Proper treatment is lacking for soon-to-be mothers with opioid use disorder.
Going through pregnancy places significant demands on every woman’s body. Even for women in the best of health, going through pregnancy is a serious challenge that can lead to side effects and lifestyle changes that never would have been expected. And, if a woman is dealing with opioid use disorder (OUD) while pregnant, these challenges can become even more difficult to overcome.
There are treatments available for women with OUD during pregnancy, but a recent study has found that those treatments do not tend to be distributed or utilized equally across all categories of pregnant women.
While every case is different, the treatment that is often used for pregnant women with OUD is buprenorphine. In many cases, the administration of this drug is able to achieve improved health outcomes for the woman impacted by OUD. Of course, this treatment needs to be indicated by the healthcare professional that is in charge of the patient’s care.
The important takeaway from this study is that the women who are most likely to get this treatment during their pregnancy are older, white, and have health insurance. When normalizing for other factors, it appears that patients in those categories were more likely to be offered and administered this treatment that could potentially help to improve their health and the progress of their pregnancy. The study wasn’t necessarily designed to determine why this discrepancy exists, as it simply found this difference through a detailed study of patient reports and records.
Photo by Daniel Reche from PexelsThe challenge with this kind of information is not determining if any changes need to be made, but rather, what those changes would look like and what is causing these differences in the first place. Few people would argue that the right drugs shouldn’t be offered to every patient based on the expert analysis of a trained physician, but uncovering why that might not be happening is a bit more complicated.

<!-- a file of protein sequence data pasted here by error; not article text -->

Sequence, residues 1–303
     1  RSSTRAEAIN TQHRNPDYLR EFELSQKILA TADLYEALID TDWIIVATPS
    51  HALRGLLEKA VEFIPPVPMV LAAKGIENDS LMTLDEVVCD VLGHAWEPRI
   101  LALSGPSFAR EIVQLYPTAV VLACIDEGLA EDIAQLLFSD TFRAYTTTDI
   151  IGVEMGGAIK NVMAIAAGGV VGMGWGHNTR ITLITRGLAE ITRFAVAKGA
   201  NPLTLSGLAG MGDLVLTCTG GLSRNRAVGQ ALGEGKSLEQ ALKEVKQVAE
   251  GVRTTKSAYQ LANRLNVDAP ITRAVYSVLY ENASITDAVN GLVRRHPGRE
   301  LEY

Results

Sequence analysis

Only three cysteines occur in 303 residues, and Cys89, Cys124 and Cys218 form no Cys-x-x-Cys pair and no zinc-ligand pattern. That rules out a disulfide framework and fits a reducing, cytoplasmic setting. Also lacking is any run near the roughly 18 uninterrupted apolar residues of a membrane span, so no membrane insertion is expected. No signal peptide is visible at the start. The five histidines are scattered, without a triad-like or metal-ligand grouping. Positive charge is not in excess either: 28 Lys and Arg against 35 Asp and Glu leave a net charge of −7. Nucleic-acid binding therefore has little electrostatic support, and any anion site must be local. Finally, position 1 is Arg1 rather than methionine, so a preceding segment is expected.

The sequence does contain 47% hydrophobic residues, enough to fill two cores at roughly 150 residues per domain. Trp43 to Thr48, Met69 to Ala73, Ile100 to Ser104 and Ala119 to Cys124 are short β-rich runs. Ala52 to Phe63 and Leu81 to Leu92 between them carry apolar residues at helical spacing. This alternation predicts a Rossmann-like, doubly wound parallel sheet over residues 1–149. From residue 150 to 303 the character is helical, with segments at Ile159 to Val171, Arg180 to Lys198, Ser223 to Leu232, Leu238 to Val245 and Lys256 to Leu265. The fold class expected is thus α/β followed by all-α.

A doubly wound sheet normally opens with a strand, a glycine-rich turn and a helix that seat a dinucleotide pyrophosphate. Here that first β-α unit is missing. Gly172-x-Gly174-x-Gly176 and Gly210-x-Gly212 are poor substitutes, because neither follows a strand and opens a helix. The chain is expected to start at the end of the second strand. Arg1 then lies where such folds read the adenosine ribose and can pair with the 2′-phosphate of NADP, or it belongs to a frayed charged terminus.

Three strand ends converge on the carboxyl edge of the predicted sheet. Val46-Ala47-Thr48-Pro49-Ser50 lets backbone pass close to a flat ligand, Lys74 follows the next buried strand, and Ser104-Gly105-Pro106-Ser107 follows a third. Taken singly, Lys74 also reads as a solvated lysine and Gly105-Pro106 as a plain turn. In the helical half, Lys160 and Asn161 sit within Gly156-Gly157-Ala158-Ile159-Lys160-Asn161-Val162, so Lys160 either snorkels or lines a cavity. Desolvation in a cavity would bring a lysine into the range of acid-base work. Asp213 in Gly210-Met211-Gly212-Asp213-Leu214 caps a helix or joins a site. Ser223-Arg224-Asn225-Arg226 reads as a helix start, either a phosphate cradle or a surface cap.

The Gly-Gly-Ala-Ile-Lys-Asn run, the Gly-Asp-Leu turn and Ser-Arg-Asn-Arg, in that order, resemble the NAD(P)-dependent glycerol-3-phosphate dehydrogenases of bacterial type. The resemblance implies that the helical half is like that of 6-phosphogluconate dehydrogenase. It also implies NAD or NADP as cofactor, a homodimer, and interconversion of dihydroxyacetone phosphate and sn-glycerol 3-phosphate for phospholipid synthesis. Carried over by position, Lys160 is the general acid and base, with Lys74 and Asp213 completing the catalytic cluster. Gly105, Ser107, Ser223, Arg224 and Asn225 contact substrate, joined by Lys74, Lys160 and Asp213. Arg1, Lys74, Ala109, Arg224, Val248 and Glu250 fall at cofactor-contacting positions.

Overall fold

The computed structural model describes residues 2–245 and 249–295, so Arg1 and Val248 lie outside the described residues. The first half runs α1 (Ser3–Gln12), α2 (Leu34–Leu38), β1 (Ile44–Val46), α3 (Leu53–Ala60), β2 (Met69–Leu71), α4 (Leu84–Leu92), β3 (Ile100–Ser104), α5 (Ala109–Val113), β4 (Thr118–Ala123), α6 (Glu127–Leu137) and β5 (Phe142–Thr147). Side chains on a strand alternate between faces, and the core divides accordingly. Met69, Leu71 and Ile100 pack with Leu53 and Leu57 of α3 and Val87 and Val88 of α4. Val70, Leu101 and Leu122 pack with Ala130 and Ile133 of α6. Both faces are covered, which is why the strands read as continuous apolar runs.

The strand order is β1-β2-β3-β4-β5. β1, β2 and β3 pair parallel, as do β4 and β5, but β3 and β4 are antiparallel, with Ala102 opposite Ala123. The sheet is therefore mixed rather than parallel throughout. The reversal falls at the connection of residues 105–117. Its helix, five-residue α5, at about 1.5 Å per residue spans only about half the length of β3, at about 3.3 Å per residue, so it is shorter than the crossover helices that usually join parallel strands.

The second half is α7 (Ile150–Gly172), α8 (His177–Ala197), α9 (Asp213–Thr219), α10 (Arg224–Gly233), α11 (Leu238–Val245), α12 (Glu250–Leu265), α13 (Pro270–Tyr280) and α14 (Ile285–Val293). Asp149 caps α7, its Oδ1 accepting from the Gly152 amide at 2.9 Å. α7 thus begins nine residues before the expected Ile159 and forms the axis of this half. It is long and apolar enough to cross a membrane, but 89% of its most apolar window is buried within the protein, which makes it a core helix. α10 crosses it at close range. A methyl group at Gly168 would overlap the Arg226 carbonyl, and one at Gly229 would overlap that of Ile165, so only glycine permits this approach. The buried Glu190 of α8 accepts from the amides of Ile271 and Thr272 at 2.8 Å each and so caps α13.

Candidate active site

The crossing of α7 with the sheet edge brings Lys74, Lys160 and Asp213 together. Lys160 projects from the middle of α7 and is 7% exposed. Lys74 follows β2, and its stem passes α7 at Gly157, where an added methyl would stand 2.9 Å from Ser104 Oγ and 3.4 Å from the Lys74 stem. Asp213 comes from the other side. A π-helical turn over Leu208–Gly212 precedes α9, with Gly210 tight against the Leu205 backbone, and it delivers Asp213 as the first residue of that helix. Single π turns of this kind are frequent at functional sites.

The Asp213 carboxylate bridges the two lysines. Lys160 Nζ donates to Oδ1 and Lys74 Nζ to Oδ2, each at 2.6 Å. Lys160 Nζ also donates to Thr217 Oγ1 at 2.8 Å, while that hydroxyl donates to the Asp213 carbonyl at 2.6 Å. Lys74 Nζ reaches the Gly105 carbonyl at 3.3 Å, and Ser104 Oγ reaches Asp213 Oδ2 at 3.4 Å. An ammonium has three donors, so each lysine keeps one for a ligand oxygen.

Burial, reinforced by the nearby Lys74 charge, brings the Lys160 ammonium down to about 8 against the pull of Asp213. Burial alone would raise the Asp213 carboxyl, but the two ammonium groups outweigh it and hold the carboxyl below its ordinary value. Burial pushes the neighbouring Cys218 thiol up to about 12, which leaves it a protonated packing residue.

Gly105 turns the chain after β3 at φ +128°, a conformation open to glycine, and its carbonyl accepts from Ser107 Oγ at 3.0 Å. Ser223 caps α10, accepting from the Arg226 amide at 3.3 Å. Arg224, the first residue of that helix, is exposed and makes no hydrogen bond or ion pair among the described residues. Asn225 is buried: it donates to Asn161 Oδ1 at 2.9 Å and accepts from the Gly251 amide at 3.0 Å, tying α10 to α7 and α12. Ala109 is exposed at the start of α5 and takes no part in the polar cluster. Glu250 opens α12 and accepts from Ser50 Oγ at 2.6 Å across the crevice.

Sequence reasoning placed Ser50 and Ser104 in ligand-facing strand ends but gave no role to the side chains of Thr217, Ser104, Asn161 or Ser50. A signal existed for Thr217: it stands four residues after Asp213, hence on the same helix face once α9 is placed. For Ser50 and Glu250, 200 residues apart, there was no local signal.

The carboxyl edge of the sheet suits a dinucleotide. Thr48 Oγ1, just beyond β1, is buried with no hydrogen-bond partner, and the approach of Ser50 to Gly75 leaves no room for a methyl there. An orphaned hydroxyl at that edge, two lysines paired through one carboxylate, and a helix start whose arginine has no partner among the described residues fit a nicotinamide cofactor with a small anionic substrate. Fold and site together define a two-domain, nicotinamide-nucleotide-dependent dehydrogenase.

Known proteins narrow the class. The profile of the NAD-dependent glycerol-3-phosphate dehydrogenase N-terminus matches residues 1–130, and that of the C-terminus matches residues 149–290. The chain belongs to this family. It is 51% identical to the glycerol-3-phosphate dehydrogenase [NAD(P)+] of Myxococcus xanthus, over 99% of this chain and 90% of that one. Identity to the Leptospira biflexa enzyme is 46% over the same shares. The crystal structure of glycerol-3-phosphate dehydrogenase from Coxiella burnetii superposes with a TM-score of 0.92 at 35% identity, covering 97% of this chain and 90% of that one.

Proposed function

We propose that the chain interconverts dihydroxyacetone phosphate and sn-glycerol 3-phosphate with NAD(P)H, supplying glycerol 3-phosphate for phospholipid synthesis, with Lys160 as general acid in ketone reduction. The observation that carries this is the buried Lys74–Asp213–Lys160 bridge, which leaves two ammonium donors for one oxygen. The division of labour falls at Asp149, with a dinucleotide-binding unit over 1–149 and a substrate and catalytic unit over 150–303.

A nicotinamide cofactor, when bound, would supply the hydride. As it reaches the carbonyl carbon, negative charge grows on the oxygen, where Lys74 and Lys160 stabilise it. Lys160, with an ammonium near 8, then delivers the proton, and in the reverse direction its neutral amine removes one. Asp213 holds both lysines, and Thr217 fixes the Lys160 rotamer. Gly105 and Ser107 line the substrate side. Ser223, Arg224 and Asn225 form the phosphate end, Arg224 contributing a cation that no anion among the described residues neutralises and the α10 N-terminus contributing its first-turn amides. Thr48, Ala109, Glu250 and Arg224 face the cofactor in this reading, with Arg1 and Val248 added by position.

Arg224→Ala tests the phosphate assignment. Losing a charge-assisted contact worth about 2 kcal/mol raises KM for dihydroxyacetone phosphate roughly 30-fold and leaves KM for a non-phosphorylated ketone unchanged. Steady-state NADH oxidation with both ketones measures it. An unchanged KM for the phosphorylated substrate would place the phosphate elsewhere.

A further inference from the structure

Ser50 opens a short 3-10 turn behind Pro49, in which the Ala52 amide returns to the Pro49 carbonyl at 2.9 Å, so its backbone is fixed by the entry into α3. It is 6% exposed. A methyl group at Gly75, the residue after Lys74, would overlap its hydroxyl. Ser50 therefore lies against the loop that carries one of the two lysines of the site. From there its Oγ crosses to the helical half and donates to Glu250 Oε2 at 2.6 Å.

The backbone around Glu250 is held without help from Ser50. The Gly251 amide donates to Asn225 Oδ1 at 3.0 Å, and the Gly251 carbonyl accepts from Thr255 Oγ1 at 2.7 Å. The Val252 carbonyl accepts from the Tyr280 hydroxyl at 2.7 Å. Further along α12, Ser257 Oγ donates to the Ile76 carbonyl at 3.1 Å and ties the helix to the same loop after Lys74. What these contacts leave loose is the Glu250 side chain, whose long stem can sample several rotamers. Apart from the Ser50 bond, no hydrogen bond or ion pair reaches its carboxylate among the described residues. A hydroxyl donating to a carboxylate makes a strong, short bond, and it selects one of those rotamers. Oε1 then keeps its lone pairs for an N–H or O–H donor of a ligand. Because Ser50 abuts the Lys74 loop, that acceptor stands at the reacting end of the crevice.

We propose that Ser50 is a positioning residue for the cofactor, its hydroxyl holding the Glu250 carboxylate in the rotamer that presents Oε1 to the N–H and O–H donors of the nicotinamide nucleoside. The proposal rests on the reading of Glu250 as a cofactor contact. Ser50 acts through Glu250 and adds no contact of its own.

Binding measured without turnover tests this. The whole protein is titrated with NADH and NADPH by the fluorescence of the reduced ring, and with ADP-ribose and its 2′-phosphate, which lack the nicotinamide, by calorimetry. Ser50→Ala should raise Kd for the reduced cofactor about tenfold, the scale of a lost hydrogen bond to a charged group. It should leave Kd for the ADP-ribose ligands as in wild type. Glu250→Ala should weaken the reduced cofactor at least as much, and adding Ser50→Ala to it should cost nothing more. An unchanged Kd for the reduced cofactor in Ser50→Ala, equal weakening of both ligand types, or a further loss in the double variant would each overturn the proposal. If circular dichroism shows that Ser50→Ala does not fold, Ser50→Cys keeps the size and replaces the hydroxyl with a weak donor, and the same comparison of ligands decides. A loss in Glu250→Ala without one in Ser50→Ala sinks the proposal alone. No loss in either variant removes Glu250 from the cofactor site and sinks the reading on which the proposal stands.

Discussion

For example, in terms of white women being more likely to receive the treatment than women of other races, what is the underlying cause of that issue? We know the majority of healthcare providers are white, so is it simply better communication and understanding of each other that is leading to the right prescription being provided? Also, older women are more likely to get the treatment — why? Are younger patients being dismissed without the medical professional hearing their issues and concerns fully? Is there an underlying bias against younger soon-to-be mothers struggling with addiction? There are more questions than answers in this area, to this point.
No matter what area of healthcare is being discussed, it’s always important for care to be available equally to everyone who is in need. This is particularly true when it comes to pregnancy, as the health of both the mother and the baby are particularly vulnerable during this stage of life. With more careful studies like the one detailed above, inequalities can be exposed and hopefully corrected to make sure future patients all get the care they deserve.
CDC reports disparities in maternal health OUD medication treatment
Medication for Opioid Use Disorder During Pregnancy — Maternal and Infant Network to Understand Outcomes Associated with Use of Medication for Opioid Use Disorder During Pregnancy (MAT-LINK), 2014–2021
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